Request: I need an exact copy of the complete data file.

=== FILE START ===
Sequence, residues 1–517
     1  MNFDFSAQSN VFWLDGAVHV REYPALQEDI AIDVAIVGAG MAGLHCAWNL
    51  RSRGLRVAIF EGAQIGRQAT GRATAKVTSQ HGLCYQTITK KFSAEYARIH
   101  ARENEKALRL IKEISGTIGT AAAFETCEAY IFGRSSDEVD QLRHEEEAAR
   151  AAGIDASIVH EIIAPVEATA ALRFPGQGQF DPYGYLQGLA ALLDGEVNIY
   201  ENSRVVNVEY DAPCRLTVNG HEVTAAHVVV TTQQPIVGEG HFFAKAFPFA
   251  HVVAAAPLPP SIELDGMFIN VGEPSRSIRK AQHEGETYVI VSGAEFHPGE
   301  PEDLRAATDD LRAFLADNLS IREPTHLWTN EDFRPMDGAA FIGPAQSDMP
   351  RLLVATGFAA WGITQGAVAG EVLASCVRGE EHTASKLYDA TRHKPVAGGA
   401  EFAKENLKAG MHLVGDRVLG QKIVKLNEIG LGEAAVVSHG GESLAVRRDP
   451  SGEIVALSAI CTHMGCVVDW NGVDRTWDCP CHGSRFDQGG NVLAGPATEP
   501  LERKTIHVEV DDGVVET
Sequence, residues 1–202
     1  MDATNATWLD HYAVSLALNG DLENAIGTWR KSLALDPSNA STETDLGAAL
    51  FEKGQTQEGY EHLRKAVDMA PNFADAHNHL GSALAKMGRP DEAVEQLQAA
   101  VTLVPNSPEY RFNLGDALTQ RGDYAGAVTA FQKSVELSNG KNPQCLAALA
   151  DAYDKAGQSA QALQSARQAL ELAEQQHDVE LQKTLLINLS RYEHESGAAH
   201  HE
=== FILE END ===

Sequence, residues 1–517
     1  MNFDFSAQSN VFWLDGAVHV REYPALQEDI AIDVAIVGAG MAGLHCAWNL
    51  RSRGLRVAIF EGAQIGRQAT GRATAKVTSQ HGLCYQTITK KFSAEYARIH
   101  ARENEKALRL IKEISGTIGT AAAFETCEAY IFGRSSDEVD QLRHEEEAAR
   151  AAGIDASIVH EIIAPVEATA ALRFPGQGQF DPYGYLQGLA ALLDGEVNIY
   201  ENSRVVNVEY DAPCRLTVNG HEVTAAHVVV TTQQPIVGEG HFFAKAFPFA
   251  HVVAAAPLPP SIELDGMFIN VGEPSRSIRK AQHEGETYVI VSGAEFHPGE
   301  PEDLRAATDD LRAFLADNLS IREPTHLWTN EDFRPMDGAA FIGPAQSDMP
   351  RLLVATGFAA WGITQGAVAG EVLASCVRGE EHTASKLYDA TRHKPVAGGA
   401  EFAKENLKAG MHLVGDRVLG QKIVKLNEIG LGEAAVVSHG GESLAVRRDP
   451  SGEIVALSAI CTHMGCVVDW NGVDRTWDCP CHGSRFDQGG NVLAGPATEP
   501  LERKTIHVEV DDGVVET
Sequence, residues 1–202
     1  MDATNATWLD HYAVSLALNG DLENAIGTWR KSLALDPSNA STETDLGAAL
    51  FEKGQTQEGY EHLRKAVDMA PNFADAHNHL GSALAKMGRP DEAVEQLQAA
   101  VTLVPNSPEY RFNLGDALTQ RGDYAGAVTA FQKSVELSNG KNPQCLAALA
   151  DAYDKAGQSA QALQSARQAL ELAEQQHDVE LQKTLLINLS RYEHESGAAH
   201  HE